Williams wins final four games to best Azarenka
NEW YORK -- Finally tested, even trailing, at the U.S. Open, Serena Williams turned things around just in time.
Two points from defeat, Williams suddenly regained her composure and her strokes, coming back to win the last four games and beat Victoria Azarenka 6-2, 2-6, 7-5 on Sunday night for her fourth championship at Flushing Meadows and 15th Grand Slam title overall.
"I honestly can't believe I won. I really was preparing my runner-up speech, because I thought, 'Man, she's playing so great,'?" Williams said during the trophy presentation after the 2-hour, 18-minute match, adding: "I'm really shocked."
Might be the only one.
After all, what really was stunning was that the top-ranked Azarenka made things as interesting as they were, given that she came into the day 1-9 against Williams.
Add in that Williams hadn't dropped a set in the tournament, losing only 19 games through six matches before Sunday. It's all part of a tremendous run she is putting together in reaction to her loss at the French Open in late May, the American's only first-round exit in 49 career major tournaments. Since then, she is 26-1, winning Wimbledon and the London Olympics.
"I was miserable after that loss in Paris. I have never been so miserable after a loss," Williams said. "I pulled it together. ... Sometimes, they say, it's good to lose."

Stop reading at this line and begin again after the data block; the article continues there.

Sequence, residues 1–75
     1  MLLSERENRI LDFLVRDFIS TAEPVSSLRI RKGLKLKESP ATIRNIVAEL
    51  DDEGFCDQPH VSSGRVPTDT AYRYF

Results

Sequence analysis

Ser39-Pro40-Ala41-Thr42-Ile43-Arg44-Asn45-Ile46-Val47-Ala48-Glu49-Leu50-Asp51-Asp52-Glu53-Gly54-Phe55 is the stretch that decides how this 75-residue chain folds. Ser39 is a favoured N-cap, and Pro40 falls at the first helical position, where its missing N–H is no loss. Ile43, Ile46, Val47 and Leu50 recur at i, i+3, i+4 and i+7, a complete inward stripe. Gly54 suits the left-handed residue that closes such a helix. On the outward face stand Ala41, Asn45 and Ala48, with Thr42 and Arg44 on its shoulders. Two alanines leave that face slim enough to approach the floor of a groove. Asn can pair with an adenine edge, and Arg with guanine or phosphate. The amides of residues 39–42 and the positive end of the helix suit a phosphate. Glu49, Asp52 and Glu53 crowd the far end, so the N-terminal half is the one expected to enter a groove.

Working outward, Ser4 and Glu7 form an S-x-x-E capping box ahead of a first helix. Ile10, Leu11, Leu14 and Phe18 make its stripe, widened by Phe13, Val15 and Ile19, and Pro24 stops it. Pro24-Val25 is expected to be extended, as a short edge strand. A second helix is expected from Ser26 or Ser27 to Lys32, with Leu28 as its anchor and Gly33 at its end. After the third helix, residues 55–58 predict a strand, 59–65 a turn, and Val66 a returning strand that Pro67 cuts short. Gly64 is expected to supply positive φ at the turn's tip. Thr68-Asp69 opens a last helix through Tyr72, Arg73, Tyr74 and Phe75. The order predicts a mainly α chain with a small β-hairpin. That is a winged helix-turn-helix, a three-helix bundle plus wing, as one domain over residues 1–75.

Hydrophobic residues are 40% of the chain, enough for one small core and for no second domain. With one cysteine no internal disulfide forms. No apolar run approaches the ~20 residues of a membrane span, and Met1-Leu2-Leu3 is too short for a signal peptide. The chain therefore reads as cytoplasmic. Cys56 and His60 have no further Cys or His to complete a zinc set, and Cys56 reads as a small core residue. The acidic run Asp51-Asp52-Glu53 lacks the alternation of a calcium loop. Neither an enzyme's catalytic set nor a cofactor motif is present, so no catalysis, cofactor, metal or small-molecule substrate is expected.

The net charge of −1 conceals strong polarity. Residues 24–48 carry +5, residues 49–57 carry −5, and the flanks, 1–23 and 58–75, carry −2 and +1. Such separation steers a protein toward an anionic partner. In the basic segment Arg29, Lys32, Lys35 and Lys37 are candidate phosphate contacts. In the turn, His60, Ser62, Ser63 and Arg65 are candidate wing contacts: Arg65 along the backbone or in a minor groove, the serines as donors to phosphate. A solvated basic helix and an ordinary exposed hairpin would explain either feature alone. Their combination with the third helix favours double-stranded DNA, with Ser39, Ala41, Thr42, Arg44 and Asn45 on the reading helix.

There hadn't been a three-set women's final in New York since 1995, and Williams came through with a late charge to become the first woman to win Wimbledon and the U.S. Open in the same season since a decade ago, when -- yes, that's right -- she did it.
"She never gives up," said Azarenka, who managed only 13 winners, 31 fewer than Williams. "She's definitely the toughest player, mentally, there is and she's got the power."
While Azarenka, a 23-year-old from Belarus, doesn't have the name recognition or bona fides of Williams, she did win the Australian Open in January, and was 32-2 (a .941 winning percentage) on hard courts in 2012. She also hadn't dropped a three-setter all season until Sunday, going 12-0 in matches that went the distance, including victories over defending U.S. Open champion Sam Stosur in the quarterfinals and 2006 champion Maria Sharapova in the semifinals.
As Sunday's third set commenced, Williams' mother, Oracene Price, told her from the stands, "Settle down."
Didn't happen right away.
"Well, she's a human being, you know, who has two feet, two legs, two hands," Azarenka said. "It's understandable."
When Williams double-faulted, slapped a bad backhand into the net and pushed a forehand long, Azarenka broke at love for a 4-3 edge, then followed that up by holding for 5-3.
One game from the championship.
"I never, never quit. I have come back so many times in so many matches," Williams said. "I wasn't too nervous."
Williams, who turns 31 on Sept. 26, is the first 30-year-old woman to win the U.S. Open since Martina Navratilova in 1987.